Monday, May 31, 2010

The Origin of Memorial Day: Moina Belle Michael

Memorial Day, Decorations Day, Civil War Veteran's Day. The day has several names and histories. While a number of origins to Memorial Day have been forwarded, arguably the modern national holiday began in 1915. While Northerners observed a Memorial Day beginning in 1868 with flowers being placed on Union and Confederate troops in Arlington National Cemetery, southern states observed separate memorial days for more than 50 years. It took another "Great War," a poem, and an inspired teacher to bring North and South together in honoring their dead.
Moina Michael, a 49 year-old teacher from Georgia, inspired by the tremendous sacrifice of American soldiers during World War I and the poem, In Flanders Field by John Mcrae, began distributing poppies on Veterans Day.
In 1922, Michael enlisted the Veterans of Foreign Wars and the idea took off in both the North and the South. Michael's inspiration, and her response, symbolizes not only the sacrifice of veterans who have gone before, but the need to be willing to make the same sacrifice in each generation to secure liberty:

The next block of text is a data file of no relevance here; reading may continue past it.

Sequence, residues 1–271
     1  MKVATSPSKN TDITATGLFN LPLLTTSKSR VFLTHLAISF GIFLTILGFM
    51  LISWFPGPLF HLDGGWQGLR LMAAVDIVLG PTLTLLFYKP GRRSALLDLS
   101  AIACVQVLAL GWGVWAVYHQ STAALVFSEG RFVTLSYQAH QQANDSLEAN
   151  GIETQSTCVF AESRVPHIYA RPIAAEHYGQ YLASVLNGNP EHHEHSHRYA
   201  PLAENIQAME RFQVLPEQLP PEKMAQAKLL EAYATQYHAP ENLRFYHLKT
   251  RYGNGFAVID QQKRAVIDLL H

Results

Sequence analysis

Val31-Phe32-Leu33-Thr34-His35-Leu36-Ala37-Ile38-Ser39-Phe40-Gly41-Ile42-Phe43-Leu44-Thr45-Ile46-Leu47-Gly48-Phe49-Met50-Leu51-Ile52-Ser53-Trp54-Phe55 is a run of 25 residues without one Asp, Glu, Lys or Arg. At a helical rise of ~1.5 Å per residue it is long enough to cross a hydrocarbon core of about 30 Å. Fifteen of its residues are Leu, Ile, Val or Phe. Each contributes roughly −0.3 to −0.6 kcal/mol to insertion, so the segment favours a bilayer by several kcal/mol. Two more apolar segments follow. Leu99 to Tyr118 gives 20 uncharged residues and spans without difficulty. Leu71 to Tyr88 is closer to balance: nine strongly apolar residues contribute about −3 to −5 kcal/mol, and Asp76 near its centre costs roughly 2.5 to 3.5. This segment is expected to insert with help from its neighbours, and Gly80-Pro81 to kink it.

In Flanders fields the poppies blow
Between the crosses, row on row,
   That mark our place; and in the sky
The larks, still bravely singing, fly
   Scarce heard amid the guns below.
   We are the Dead. Short days ago
We lived, felt dawn, saw sunset glow,
   Loved, and were loved, and now we lie
         In Flanders fields.
   Take up our quarrel with the foe:
To you from failing hands we throw
   The torch; be yours to hold it high.
If ye break faith with us who die
   We shall not sleep, though poppies grow
         In Flanders fields.

Oh! you who sleep in Flanders Fields,  
Sleep sweet - to rise anew!
We caught the torch you threw  
And holding high, 
we keep the Faith With All who died.

We cherish, too, the poppy red  
That grows on fields where valor led;  
It seems to signal to the skies  
That blood of heroes never dies,
But lends a lustre to the red  
Of the flower that blooms above the dead
In Flanders Fields.

And now the Torch and Poppy Red  
We wear in honor of our dead.
Fear not that ye have died for naught;  
We'll teach the lesson that ye wrought  
In Flanders Fields.

Remember, and Teach this Memorial Day.

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